A month after the SEIU sent its annual notice, the union’s executives proposed a temporary 25 percent increase in employee fees to finance a “Political Fight-Back Fund.” Proponents were clear that the objective of this fund was, as its name suggested, political. It would underwrite “a broad range of political expenses, including television and radio advertising, direct mail, voter registration, voter education, and get out the vote activities in our work sites and in our communities across California.” The $12 million that SEIU officials expected to raise from this temporary assessment would not be tapped for the “regular costs of the union—such as office rent, staff salaries or routine equipment replacement, etc.”
The immediate focus of the “Political Fight-Back Fund” was the defeat of two of Governor Schwarzenegger’s propositions in the upcoming special election. One of them, Proposition 75, would have required workers to opt into contributing to the union’s political activities. Under the initiative, a government employee who did nothing would not line the union’s political coffers by default.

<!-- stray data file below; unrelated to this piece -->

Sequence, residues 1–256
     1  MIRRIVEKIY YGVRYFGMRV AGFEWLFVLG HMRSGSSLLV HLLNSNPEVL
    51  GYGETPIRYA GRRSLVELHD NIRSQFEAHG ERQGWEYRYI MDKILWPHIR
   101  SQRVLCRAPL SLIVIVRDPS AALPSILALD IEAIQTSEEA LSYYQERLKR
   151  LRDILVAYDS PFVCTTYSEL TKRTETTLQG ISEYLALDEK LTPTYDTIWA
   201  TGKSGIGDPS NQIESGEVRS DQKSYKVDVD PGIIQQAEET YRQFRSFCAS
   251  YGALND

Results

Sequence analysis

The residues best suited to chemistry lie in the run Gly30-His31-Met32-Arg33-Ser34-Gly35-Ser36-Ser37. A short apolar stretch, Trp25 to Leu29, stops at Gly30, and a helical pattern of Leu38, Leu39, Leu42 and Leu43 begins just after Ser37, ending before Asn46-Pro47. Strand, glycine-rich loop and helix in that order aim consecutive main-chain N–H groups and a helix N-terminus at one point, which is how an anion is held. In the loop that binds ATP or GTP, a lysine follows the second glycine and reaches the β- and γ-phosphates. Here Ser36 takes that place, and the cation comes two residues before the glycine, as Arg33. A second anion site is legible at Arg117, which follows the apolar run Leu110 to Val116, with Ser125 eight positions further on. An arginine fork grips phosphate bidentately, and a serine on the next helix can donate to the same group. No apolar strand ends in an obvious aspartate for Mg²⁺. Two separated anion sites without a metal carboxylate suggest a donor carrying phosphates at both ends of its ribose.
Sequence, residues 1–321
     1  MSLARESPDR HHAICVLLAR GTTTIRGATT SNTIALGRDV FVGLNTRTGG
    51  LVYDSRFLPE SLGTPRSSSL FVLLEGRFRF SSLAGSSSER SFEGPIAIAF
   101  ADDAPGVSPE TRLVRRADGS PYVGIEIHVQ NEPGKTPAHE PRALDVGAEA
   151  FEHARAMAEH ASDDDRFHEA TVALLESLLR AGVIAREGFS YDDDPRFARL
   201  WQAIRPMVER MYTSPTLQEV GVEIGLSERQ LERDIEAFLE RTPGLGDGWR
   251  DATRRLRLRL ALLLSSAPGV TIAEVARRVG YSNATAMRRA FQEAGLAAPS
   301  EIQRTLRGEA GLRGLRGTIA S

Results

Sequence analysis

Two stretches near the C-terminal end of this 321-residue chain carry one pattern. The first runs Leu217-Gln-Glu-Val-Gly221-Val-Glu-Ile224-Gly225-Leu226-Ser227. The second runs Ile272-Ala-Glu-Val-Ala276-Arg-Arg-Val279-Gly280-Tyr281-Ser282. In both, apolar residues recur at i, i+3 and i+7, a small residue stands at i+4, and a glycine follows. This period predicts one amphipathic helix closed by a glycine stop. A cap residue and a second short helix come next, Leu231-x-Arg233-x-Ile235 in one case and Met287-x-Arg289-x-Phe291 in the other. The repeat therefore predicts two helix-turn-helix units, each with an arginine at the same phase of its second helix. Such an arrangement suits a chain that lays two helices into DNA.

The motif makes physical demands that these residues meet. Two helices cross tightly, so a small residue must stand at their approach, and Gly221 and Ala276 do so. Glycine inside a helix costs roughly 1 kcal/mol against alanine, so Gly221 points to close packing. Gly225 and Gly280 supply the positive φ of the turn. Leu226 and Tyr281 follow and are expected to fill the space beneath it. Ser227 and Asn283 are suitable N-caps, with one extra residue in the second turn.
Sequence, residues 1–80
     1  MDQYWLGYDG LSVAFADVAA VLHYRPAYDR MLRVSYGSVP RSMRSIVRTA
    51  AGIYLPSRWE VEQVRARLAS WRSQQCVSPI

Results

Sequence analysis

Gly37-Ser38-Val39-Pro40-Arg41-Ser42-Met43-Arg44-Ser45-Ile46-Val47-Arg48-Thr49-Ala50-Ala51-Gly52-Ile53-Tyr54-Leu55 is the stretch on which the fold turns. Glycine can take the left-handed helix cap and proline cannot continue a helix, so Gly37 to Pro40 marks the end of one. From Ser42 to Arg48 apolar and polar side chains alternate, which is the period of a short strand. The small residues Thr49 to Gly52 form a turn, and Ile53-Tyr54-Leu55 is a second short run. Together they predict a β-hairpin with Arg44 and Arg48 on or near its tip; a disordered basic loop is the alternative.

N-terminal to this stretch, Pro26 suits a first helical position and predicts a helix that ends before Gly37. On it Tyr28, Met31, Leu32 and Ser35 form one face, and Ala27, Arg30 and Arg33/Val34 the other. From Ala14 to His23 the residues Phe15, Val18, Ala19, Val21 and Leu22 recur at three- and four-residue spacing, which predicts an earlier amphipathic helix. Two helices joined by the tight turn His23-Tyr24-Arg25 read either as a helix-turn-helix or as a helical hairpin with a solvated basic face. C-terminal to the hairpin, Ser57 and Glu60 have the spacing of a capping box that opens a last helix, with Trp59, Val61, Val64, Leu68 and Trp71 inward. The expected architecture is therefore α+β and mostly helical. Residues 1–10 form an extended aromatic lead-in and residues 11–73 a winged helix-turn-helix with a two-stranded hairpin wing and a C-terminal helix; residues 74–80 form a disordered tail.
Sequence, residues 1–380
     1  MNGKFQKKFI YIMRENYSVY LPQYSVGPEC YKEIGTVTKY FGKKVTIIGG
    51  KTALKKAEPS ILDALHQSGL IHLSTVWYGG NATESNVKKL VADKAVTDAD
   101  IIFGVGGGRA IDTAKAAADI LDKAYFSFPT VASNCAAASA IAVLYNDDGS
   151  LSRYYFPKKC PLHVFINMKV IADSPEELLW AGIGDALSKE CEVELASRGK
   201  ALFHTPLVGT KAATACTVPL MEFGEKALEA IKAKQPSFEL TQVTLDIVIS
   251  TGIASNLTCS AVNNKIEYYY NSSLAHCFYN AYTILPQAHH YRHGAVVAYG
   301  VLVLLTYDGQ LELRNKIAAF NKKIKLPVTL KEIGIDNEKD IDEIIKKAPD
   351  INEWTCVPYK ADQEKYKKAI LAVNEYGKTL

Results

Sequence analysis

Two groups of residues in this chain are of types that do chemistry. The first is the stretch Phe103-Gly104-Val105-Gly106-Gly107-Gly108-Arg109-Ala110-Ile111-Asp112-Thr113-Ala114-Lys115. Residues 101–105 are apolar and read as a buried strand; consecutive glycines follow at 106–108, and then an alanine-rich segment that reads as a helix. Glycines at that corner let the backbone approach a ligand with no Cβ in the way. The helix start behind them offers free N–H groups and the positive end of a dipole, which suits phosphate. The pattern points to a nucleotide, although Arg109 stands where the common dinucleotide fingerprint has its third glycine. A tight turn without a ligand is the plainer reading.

On August 31, 2005, SEIU members and fee-payers were notified that the union’s delegates had approved the dues increase. The assessment went into effect the following day. The experience of Edward Dobrowolski, Jr., one of the plaintiffs in Knox v. SEIU, illustrates the free speech problem with the temporary assessment. After receiving the notice, Dobrowolski called the union and indicated that he was a non-member and had requested, in June, a reduced agency fee when given the option to avoid paying for the union’s nonchargeable political expenses. The response: That was then, this is now. The area manager informed Dobrowolski that he could not stop the temporary fee increase because the union was “in the fight of our lives.”